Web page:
Look, I try to be flexible. Things change, I can change, new things can come to be. I love Star Trek, but that thing is now nearing its 50th anniversary. Star Trek can change, too—spinning through many incarnations, hopping between mediums, swapping out cast members, and stepping on and off the Enterprise, the franchise has always committed to flexibility.
I don’t think that’s a trailer for an awful movie. It could really be a lot of fun, with the dirtbikes and the Beastie Boys and the whole spacey Justin Lin action-comedy thing it’s doing. But that ain’t Star Trek, cats and kittens. Not without a little more; there’s a major piece missing still.
There are plenty of Star Wars fans on this here internet blog, so imagine my surprise when I realized that no one had yet reviewed the trailer for Episode VII, which premieres at the end of this year.
Upon rewatching the trailer, I realized that this was probably because there’s not a whole hell of a lot to speculate about as of yet, since there’s not a whole hell of a lot of content. But I’d already committed myself to talking about it, so let’s split some hairs!
Tell me if you’ve heard this one before: “why does this character have to be gay? It’s so distracting!” Or what about this: “we thought about making this character queer, but we thought it would be a distraction”. It seems like I’ve been seeing this sort of thing a lot lately—I see authors insisting that they’re open-minded and love their “gay fans”, but making characters queer would divert attention away from the story; on the other hand, I see fans complaining that the existing queer characters are distracting. But all I, a queer person, can hear from this is “for me to accept and portray you as a person, I need to ignore a piece of your person; can we pretend it doesn’t exist?” and “no one wants to see you as you are”.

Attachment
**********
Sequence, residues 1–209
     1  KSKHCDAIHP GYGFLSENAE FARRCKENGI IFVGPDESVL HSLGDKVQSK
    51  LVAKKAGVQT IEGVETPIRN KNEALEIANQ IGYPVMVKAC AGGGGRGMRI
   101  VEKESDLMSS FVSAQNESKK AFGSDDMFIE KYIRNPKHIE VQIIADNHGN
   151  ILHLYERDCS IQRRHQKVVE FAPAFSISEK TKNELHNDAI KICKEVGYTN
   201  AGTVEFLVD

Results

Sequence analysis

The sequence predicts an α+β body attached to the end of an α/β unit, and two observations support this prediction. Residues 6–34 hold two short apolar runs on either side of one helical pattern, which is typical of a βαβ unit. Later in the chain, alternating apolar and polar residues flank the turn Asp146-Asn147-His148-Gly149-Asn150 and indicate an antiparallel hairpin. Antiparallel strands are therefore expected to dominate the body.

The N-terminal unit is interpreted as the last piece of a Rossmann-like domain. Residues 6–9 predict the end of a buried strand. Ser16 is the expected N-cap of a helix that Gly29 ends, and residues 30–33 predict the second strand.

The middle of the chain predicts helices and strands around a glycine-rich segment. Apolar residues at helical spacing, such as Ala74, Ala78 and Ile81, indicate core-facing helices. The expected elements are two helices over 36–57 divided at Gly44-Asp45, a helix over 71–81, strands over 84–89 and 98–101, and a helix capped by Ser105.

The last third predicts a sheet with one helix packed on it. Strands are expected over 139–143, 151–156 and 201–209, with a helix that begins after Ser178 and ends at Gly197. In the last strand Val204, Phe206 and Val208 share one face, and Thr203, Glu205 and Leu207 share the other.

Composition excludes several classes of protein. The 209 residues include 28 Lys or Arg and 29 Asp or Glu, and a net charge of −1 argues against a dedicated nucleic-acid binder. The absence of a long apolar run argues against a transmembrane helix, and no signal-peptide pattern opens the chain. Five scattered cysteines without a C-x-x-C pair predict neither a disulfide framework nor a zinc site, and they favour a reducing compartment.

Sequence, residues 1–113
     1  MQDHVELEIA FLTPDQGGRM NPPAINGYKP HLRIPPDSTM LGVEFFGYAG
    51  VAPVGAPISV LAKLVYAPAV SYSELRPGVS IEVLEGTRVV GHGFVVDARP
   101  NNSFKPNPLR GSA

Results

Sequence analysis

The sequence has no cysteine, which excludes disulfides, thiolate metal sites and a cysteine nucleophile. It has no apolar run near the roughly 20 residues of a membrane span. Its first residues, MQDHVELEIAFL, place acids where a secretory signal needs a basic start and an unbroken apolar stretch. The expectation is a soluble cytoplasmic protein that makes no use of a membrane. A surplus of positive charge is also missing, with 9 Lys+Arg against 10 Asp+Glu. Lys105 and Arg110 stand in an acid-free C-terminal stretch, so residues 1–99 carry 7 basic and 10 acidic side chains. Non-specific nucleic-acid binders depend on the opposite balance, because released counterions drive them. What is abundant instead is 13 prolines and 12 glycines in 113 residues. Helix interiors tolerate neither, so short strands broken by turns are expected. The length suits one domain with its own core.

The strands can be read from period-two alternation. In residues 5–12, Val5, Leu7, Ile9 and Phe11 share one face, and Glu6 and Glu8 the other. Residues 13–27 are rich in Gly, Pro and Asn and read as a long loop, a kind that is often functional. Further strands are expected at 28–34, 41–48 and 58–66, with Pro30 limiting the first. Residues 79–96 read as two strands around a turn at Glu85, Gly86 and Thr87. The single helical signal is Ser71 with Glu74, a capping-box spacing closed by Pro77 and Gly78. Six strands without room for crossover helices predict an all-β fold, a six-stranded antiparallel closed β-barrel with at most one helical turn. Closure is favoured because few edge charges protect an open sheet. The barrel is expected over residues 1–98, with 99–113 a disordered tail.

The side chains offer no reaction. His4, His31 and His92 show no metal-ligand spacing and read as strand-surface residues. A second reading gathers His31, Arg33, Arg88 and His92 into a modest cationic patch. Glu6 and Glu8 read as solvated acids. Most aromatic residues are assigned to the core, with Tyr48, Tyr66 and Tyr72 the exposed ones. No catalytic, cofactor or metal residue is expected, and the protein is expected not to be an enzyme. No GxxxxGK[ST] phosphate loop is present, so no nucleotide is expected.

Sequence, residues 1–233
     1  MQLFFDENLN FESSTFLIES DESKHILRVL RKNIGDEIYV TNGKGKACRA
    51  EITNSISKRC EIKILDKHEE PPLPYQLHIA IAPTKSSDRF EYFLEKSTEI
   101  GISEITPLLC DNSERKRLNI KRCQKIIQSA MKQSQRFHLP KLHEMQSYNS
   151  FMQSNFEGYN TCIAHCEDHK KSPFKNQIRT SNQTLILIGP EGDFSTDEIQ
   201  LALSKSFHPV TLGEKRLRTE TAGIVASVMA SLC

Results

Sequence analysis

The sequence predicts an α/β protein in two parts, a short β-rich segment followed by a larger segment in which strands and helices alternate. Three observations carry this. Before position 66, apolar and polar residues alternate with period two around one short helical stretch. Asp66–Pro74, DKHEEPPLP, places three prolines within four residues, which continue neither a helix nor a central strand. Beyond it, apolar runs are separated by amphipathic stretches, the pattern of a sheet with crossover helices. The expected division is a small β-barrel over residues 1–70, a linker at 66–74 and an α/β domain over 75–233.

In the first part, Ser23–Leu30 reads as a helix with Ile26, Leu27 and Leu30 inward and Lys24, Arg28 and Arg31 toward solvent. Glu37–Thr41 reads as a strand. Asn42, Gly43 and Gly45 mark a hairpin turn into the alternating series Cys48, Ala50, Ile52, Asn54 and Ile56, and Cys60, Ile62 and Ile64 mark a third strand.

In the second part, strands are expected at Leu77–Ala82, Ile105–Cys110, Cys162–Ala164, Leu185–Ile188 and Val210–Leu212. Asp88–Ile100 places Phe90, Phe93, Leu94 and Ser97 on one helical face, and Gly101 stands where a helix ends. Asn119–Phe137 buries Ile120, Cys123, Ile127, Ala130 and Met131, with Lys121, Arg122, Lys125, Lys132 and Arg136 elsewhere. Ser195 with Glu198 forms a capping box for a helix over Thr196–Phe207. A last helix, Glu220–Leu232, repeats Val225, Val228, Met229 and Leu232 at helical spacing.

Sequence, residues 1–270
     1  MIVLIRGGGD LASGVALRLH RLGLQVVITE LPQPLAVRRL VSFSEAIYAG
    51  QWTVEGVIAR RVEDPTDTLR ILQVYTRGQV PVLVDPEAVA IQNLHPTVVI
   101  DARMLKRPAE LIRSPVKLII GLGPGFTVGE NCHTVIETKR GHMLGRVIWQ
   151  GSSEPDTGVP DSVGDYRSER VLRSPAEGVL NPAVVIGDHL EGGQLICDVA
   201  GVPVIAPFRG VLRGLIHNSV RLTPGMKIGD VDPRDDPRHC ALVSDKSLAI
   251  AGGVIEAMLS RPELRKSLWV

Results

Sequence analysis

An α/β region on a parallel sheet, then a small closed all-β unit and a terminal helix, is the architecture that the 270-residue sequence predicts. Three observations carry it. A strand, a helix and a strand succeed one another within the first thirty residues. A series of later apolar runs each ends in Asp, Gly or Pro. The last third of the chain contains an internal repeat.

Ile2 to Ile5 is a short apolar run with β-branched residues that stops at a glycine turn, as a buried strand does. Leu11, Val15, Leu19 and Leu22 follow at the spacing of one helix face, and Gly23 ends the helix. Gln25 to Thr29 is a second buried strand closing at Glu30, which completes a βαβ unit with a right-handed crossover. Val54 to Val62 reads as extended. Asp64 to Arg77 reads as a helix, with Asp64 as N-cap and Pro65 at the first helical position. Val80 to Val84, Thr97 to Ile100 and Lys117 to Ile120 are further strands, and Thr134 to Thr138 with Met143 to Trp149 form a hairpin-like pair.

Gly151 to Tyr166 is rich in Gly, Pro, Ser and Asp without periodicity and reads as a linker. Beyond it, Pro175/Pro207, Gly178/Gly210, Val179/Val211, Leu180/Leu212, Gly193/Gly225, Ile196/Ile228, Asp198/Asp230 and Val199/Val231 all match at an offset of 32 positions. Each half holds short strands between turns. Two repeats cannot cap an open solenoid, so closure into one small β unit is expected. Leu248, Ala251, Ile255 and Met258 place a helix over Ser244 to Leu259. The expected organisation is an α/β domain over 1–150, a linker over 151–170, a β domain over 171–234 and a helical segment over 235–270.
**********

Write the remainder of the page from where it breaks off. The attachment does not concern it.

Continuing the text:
Awesome character, but not an epitome of LGBTQ+ representation
It seems that a lot of creators think that it’s enough representation if they have ‘hidden’ LGBTQ+ characters—only revealing it with a throwaway punchline at the end of a movie (see: Mitch in ParaNorman), or even worse, only mentioning it outside the work itself (see: J.K. Rowling’s “I always thought of Dumbledore as gay”). Many fans cheer when this happens, because, see, you can write gay characters who don’t distract from the story. On one hand, this helps to normalize queer characters; it makes them seem just like heterosexual characters, so straight viewers don’t think of them as ‘other’, but as people just like them. And this is important. But on the other hand, really, what sort of representation is it if the audience has no idea the character is queer for mostof the work? Invisible representation is not representation. It also sends the message to queer audience members that they’re only equal to straight people when they’re indistinguishable from them, when they’re exactly the same; that to be accepted you have to follow the heteronormative rules. If you’re in any way different, you draw attention and it’s annoying and disgusting and the need for you to be this way is constantly questioned.